How to invest in companies before they go public?

Kotak Investment Advisors Ltd is launching a pre-initial public offering fund with a target size of  ₹2,000 cr. Photo: iStock
Kotak Investment Advisors Ltd is launching a pre-initial public offering fund with a target size of 2,000 cr. Photo: iStock


Investing in unlisted shares before companies list them has some advantages, but there are also pitfalls

The valuation of Paytm shares in the grey market has skyrocketed as the company moves towards an initial public offering (IPO). Various media reports suggest that other high-profile companies such as Nykaa and Urban Company are also seeking to list on the stock market. Investing in companies just before they go public can be a profitable activity. In this article, we explain how this can be done and what the potential pitfalls are.

“There are essentially three ways in which investors can buy into companies that may go public," said Munish Randev, founder, Cervin Family Office. “First is by investing in a pre-IPO fund. These are usually structured as AIFs (alternative investment funds) and have a minimum ticket size of 1 crore."

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For instance, Kotak Investment Advisors Ltd, the alternative assets arm of Kotak Group, is launching a pre-IPO fund with a target size of 2,000 crore. The fund, a Category II AIF, has been positioned as an “India-focused late-stage fund to invest in high-quality companies with a strong moat of technology".

IIFL has launched multiple such AIFs under the Special Opportunities Funds series starting May 2017.

“IIFL AMC was the first asset management company to launch a dedicated pre-IPO fund in 2017, giving investors an access to invest in pre-IPO opportunities. Today, we manage an AUM (assets under management) of over 10,000 crore across pre-IPO funds, yielding returns in the range of 10-15% (with the listed portfolio having yielded 16-30% IRR)," said Manoj Shenoy, CEO, IIFL AMC.

A few of IIFL’s marquee portfolio companies that have been listed in the past few years include Nazara Technologies Ltd, ICICI Lombard General Insurance Company Ltd, Indian Energy Exchange Ltd and Nippon Life India Asset Management Ltd.

According to Shenoy, the institutional heft of large financial services firms provides an advantage to investors in such AIFs.

“Further, investors who wish to invest in pre-IPO companies find it convenient to invest through pre-IPO funds because investors benefit from institutional access to pre-IPO deals, which have been filtered through a stringent investment process," he said.

The second route is buying shares directly through intermediaries such as brokers or wealth management firms. Large wealth managers try to leverage their corporate relationships to get deals for clients.

“Once we shortlist companies, we leverage our ecosystem of relationships across PE, VC funds, sovereign funds, financial institutions and family offices to get access to primary or secondary positions in these companies. We then use a combination of metrics to value such deals and many times valuations depend on supply-demand dynamics for the asset as well. As examples, in the last year, we did one of the largest non-institutional placement of NSE shares with our HNI (high-net-worth individual) clients. CIBIL and Policy Bazaar are some other names we transacted in," said Amrita Farmahan, MD and CEO, Wealth Management, Ambit Pvt. Ltd.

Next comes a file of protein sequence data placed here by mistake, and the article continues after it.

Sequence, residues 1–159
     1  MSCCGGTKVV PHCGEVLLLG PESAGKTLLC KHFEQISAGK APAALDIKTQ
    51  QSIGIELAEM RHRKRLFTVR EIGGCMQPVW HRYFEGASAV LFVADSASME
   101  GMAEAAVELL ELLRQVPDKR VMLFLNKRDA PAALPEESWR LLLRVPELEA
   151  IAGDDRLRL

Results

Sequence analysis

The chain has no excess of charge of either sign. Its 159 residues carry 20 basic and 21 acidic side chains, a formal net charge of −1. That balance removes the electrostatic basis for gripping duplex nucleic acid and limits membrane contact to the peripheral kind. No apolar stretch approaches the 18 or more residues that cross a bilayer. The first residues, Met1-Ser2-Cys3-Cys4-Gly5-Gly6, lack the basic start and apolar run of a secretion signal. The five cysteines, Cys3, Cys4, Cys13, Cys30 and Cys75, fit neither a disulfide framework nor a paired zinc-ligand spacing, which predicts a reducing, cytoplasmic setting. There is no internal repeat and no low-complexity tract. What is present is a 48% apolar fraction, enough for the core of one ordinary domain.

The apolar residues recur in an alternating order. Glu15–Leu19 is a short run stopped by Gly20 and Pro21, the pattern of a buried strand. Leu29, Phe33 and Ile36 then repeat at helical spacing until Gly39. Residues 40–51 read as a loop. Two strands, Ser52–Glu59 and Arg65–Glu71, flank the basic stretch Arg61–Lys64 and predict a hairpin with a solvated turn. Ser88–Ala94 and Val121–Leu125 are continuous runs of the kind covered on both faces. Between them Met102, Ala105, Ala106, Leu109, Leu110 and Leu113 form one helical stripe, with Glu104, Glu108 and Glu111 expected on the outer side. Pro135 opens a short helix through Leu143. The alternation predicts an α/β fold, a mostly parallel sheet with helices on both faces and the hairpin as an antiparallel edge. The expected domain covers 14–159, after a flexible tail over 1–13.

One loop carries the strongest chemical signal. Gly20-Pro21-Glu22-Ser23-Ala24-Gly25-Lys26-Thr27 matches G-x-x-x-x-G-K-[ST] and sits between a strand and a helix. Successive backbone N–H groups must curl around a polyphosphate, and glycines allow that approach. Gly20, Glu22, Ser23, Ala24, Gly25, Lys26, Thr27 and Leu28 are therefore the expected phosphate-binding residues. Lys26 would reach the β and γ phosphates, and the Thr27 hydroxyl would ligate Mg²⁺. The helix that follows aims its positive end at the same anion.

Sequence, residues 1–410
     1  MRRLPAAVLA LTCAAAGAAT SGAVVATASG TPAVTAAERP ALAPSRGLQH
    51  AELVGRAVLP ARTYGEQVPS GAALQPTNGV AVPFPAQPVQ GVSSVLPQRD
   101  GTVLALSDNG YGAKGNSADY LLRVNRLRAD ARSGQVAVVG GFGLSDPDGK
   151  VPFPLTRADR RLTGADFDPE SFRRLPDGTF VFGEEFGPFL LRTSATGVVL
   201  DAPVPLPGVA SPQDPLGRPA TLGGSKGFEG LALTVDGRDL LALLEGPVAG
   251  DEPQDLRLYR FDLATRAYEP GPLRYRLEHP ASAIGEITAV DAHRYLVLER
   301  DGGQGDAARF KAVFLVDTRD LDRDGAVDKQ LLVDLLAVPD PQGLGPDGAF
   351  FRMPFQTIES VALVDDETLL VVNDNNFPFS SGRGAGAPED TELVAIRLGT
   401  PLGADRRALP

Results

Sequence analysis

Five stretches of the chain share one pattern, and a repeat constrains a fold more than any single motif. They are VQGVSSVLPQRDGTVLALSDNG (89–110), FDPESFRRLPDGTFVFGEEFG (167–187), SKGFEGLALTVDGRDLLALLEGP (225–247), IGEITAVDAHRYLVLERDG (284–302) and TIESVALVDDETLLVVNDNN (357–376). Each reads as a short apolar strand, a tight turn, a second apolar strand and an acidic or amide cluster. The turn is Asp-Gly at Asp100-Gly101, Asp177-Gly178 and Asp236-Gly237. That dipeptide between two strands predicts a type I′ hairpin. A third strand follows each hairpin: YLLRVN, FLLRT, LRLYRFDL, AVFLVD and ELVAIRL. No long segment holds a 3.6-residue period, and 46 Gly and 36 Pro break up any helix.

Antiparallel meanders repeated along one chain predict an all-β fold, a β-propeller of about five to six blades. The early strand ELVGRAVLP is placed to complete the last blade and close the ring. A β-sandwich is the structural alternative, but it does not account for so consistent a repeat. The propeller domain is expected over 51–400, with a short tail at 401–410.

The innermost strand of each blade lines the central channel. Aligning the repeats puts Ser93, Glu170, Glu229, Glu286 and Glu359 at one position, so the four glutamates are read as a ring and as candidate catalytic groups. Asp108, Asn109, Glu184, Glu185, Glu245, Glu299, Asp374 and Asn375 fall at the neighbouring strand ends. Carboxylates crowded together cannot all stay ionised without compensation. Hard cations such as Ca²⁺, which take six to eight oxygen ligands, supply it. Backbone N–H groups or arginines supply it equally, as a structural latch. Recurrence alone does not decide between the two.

“The shares themselves either come from an early-stage investor into the company, mostly individuals wanting to exit for liquidity needs, or they come from already vested employee stock options (ESOPs) pools. Note that in case of the latter, most companies (employers) retain the first right of refusal. If you are attempting to buy from an employee, check if this has been complied as per the shareholders’ agreement," said Randev.

The third method is via small brokers and unregulated entities that periodically put out quotes for such shares. The last route is the least reliable.

“Often, the brokers in question aren’t actually able to procure the shares at the price they have quoted; these are just indicative quotes," said Randev.

Investing in unlisted shares before companies list them has certain advantages. Allotment of shares in IPOs is uncertain, particularly if the stock is strongly in demand. You may also get the stock at a lower price than the IPO offer price.

However, not all experts are optimistic about this route. “Most wealth management firms that deal in such shares buy and sell from their proprietary book and apply a 4-5% mark-up. Price discovery is difficult in this market and hence the mark-ups are steep. In this space, investors who are really interested should stick to established profitable businesses rather than PE-funded loss-making startups," said Feroze Azeez, deputy CEO, Anand Rathi Private Wealth Management.

“I do not recommend such unlisted stocks at all. I think the returns on listed stocks are sufficient to attain the financial goals of most of my clients. Some investors who have bought into such unlisted stocks look at their gains in isolation rather than comparing them with a benchmark like the Nifty or Sensex," he added.

Investors who are considering investing in such shares should also consider the different tax treatment.

Gains on unlisted shares are taxed at 20% if held for more than two years and given the benefit of indexation.

This is different from the 10% long-term capital gains tax on profits in listed shares above 1 lakh.

For shorter holding periods, gains on unlisted shares are taxed at slab rate in contrast with the 15% tax on gains in listed shares. The stamp duty on unlisted shares is also higher at 0.25% compared to 0.01% for listed shares.

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